Multimeter test lead

Discussion in 'The Projects Forum' started by roro36, Sep 7, 2010.

  1. roro36

    Thread Starter Member

    Sep 7, 2010
    52
    0
    I,ve written and made a multimeter using C and a PIC microcontroller that can read in just about any voltage, I've set it to 60V. When I remove the voltage test lead however which runs into the ADC port of the micro the voltage which i have displayed on an LCD, jumps around. How can I stop this?
     
  2. AMIT_GOHEL

    Member

    Jul 13, 2010
    67
    7
    Hello roro36,
    first of all Welcome to AAC..

    To get solution of your problem post schimeric and c code..
    then n only we can help you..
     
  3. windoze killa

    AAC Fanatic!

    Feb 23, 2006
    605
    24
    You could try some decoupling caps on the input.
     
  4. Dyslexicbloke

    Active Member

    Sep 4, 2010
    420
    19
    It sounds as though you are leaving the input floating, which you shouldnt.

    Try a simple resistive devider so your input cant float while the leads are disconnected.
    Use the bigest resistor to ground that you can get away with and still stay imune from noise then sacle the input with software.
    You might also considder buffering the input with a high ipedance opamp but the comment above would still apply.
    Hope this helps
    Al
     
    roro36 likes this.
  5. roro36

    Thread Starter Member

    Sep 7, 2010
    52
    0
    Thanks, yes I know the input is floating but all voltmeter leads are until they are put in a circuit to measure. So by basically tieing them to ground through a large resistor will have little effect on the voltage measured as such a tiny bit of current would pass through?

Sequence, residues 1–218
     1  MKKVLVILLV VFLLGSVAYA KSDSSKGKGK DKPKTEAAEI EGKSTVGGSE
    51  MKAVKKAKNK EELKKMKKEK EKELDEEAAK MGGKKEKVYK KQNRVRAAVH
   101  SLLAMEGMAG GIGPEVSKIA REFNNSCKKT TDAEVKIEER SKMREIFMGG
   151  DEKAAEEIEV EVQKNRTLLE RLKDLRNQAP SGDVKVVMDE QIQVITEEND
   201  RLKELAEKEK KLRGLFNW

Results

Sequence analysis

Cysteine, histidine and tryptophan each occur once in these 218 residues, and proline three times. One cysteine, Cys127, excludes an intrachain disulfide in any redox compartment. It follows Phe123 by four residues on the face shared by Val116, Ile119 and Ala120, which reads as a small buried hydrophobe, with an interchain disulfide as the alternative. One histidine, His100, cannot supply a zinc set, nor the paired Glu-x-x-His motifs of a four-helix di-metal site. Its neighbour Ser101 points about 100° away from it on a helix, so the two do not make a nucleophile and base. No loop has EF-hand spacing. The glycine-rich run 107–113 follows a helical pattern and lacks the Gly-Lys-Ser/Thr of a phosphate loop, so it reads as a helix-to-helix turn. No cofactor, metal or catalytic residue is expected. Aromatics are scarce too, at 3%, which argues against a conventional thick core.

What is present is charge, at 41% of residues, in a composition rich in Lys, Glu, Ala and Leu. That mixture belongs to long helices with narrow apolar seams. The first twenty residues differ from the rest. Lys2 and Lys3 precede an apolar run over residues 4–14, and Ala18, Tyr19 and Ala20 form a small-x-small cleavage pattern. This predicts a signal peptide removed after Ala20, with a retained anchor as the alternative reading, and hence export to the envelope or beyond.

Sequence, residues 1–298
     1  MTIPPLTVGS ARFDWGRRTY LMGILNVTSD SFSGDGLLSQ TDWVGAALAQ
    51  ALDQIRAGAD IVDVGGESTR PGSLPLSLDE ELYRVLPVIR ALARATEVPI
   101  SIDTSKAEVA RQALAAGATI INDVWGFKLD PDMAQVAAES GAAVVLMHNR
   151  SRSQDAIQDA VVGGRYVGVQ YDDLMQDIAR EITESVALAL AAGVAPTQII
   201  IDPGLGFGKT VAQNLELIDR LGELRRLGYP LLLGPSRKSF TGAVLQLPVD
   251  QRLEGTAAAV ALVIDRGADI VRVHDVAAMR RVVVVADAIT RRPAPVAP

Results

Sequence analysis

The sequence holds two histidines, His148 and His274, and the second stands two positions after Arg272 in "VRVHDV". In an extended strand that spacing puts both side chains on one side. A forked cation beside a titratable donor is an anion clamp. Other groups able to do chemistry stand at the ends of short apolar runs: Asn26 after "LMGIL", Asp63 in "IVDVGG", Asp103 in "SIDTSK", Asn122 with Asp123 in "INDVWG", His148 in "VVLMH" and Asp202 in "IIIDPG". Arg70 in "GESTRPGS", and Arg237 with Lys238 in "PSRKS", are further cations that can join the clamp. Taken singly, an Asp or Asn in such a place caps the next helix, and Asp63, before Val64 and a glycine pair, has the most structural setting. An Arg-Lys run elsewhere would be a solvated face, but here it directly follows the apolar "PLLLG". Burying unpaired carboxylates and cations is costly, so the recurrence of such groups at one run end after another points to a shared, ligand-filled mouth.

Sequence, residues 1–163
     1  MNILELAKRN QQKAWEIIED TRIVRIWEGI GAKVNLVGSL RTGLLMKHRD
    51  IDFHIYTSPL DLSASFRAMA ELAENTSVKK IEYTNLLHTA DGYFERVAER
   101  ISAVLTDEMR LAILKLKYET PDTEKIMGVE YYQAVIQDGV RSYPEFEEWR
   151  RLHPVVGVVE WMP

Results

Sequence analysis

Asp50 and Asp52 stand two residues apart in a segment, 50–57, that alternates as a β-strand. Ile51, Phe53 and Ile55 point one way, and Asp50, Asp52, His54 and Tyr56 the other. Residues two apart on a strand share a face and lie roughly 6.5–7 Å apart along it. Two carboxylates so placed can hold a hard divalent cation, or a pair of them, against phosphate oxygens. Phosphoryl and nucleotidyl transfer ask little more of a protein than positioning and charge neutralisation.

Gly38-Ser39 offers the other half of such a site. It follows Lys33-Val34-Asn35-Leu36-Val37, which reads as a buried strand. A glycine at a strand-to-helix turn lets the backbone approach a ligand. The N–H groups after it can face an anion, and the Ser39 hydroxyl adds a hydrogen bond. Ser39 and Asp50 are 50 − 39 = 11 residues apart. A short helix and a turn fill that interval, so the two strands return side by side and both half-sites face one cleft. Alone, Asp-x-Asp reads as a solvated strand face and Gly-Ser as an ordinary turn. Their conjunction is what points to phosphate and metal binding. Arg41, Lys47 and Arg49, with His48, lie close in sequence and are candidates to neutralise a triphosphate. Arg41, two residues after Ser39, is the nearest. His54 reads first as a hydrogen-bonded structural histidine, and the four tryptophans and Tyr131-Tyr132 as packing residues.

6. Dyslexicbloke

    Active Member

    Sep 4, 2010
    420
    19
    Sorry bud ... but no amp will work, in practice, if its input is alowed to float.
    - I dont know much but I know that. -
    Ther is always stray voltage, parasitic inductance and capavcitance to considder.

    Your are right its tiny so the currents involved are also tiny which is exactly why a big resistor will be capable of stabilising things for you without having too big an effect on your measurmrnt capability.

    Why dont you simply clip one acros your leads as they are now and see what diference it makes.
    Al
     
  7. eblc1388

    Senior Member

    Nov 28, 2008
    1,542
    102
    I'm puzzled.

    The PIC ADC input can only accept 5V or less so you definitely has some form of voltage divider or conditioner connected before the input to the PIC pin.

    If it is a voltage divider, then it should acts as a bypass for the PIC pin voltage to near zero when there is no external input.

    You need to tell us exactly how you manage to get the 60V voltage signal into the PIC pin. What kind of resistor values are you using if it is through a voltage divider.
     
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  8. roro36

    Thread Starter Member

    Sep 7, 2010
    52
    0
    You're right, when I was testing, I kept taking it out before the divider circuit. My bad. Thanks.
     
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